The Tour De Serbia was underway and by chance I followed more or less the same route out of Belgrade with the same end point for that day (Cacak).

It wasn’t easy figuring out which entry points into Kosovo were legal. For me the easiest route was to take the mountain road from Novi Pasar. After a lot of Googling, I found a cyclist who said it’s only for locals.

So I went to the Ibar River and followed it downstream. I reached a bridge over the river (dam at this point) which I knew went to Kosovo. But there was no border police to stamp my passport. Not even a sign indicating the issues that that may cause.

So I played it safe and went to obvious entry point.

After declaring independence, Kosovo started issuing their own license plates. At some point Serbia wouldn’t allow those plates across the border saying it’s a symbol of Kosovo’s illegal independence. Drivers were only allowed in with temporary licence plates. Then Kosovo made the same demand for Serbian cars entering it’s territory. Drivers protested by blocking borders. A settlement was found. All drivers (crossing the border) should cover all country symbols with white stickers.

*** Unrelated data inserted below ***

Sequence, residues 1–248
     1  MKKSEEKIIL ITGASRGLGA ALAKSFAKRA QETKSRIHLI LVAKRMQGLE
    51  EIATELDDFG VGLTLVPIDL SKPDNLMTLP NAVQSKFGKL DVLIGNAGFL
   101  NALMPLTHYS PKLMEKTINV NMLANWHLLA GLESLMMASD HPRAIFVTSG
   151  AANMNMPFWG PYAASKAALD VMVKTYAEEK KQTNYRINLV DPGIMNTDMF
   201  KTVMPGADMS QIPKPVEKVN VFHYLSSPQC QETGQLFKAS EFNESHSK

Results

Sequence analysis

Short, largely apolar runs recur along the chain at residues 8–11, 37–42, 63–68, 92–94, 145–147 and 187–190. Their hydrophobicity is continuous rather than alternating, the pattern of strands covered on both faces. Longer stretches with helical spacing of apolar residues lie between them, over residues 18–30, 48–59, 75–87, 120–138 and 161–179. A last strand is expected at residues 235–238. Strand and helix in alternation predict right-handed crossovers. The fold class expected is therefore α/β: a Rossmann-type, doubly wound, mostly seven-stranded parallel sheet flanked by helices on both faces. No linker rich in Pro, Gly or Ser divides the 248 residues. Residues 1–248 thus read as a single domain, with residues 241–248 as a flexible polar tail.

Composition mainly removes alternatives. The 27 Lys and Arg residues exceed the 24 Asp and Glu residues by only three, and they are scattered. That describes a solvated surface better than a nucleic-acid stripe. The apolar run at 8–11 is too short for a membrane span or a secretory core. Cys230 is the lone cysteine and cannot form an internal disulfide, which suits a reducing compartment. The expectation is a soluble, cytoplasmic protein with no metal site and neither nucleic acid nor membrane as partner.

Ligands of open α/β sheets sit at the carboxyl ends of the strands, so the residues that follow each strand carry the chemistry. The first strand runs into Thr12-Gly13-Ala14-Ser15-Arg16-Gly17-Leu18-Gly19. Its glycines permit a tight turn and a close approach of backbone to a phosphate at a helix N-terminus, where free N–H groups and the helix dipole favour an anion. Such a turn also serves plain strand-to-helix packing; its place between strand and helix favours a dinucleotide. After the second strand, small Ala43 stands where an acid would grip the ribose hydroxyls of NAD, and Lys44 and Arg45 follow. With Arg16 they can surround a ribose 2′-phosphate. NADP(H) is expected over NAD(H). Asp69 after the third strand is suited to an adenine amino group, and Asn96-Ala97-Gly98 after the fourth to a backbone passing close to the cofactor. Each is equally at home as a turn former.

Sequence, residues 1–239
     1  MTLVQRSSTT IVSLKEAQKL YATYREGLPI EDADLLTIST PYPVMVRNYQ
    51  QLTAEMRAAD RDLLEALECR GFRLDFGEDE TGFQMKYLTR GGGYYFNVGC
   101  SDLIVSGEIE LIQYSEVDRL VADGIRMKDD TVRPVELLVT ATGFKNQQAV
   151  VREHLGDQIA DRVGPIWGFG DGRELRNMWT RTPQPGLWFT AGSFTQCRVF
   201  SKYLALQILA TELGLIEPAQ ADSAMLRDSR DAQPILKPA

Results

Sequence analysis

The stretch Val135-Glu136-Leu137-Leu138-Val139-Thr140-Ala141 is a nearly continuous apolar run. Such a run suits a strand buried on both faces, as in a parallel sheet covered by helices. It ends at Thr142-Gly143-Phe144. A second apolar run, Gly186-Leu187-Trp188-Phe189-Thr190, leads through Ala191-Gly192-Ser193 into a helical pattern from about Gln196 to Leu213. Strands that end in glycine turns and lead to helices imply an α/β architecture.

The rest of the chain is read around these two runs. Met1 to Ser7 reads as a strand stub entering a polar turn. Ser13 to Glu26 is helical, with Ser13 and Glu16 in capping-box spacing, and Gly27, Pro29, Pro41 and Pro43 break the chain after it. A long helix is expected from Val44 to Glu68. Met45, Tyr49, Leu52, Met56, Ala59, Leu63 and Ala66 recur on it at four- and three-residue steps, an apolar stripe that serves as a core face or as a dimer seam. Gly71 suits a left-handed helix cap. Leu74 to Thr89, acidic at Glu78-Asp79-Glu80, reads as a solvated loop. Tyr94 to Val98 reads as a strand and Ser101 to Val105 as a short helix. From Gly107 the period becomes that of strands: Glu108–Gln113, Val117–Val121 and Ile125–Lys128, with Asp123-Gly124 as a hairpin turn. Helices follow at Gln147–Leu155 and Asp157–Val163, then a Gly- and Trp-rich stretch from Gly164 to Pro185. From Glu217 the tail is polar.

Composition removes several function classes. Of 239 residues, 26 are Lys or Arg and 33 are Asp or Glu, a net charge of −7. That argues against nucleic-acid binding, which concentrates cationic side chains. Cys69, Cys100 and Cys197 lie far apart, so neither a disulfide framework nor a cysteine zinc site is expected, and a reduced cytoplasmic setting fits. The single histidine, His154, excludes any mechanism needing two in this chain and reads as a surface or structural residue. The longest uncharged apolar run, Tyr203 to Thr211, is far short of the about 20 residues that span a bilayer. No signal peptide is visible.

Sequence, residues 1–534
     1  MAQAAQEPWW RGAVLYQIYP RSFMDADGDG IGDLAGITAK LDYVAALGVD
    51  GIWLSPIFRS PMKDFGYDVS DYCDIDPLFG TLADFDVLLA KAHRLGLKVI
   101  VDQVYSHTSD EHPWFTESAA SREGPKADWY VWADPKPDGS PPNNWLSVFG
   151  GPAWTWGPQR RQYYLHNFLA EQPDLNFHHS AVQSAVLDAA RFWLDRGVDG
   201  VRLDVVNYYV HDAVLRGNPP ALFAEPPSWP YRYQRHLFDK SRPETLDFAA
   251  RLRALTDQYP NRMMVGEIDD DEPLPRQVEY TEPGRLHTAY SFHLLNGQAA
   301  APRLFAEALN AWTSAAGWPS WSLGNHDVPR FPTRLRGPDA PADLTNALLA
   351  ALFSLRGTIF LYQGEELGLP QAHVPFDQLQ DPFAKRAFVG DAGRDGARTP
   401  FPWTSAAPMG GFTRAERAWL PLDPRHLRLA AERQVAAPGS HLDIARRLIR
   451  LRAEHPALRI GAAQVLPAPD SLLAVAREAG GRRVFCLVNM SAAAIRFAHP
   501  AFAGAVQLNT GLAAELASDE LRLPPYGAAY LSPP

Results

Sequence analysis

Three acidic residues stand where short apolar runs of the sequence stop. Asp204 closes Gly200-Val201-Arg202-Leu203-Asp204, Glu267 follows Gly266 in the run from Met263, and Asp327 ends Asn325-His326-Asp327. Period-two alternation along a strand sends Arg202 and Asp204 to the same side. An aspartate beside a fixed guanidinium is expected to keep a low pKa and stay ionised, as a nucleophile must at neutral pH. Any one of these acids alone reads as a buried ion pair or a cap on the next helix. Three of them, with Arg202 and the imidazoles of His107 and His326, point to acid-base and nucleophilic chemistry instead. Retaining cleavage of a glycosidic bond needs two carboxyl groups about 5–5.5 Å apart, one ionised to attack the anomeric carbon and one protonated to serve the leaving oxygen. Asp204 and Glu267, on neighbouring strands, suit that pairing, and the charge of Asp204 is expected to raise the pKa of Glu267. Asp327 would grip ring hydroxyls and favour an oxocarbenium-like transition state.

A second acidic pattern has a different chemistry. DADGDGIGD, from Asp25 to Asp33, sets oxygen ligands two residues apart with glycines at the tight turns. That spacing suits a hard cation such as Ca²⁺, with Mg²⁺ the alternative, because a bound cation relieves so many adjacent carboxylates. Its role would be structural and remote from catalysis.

Rowers and their coach on a lake in Belgrade
One of the Tour De Serbia support vehicles
One of the few EU projects in Serbia
Views from my $11 hotel room in Novi Pasar
View from the shared balcony at the same hotel
The free water points throughout Eastern Europe gets a fair number of customers
Stickers blocking country symbols on licence plate
Italian police preserving the peace in a predominantly Serb area of Kosovo
A sign of Kosovo’s independence in Pristina
National library. Built in 1982
The library from the other side
View from my hotel balcony
Flag flying on the government building
From my bed I could watch a crane lower a flat screen TV into the penthouse of the new mega hotel

That’s too large to be a TV.

Two police men accompany a city representative who orders the shop keepers to clear the pavement
This cyclist couldn’t enter via the mountain road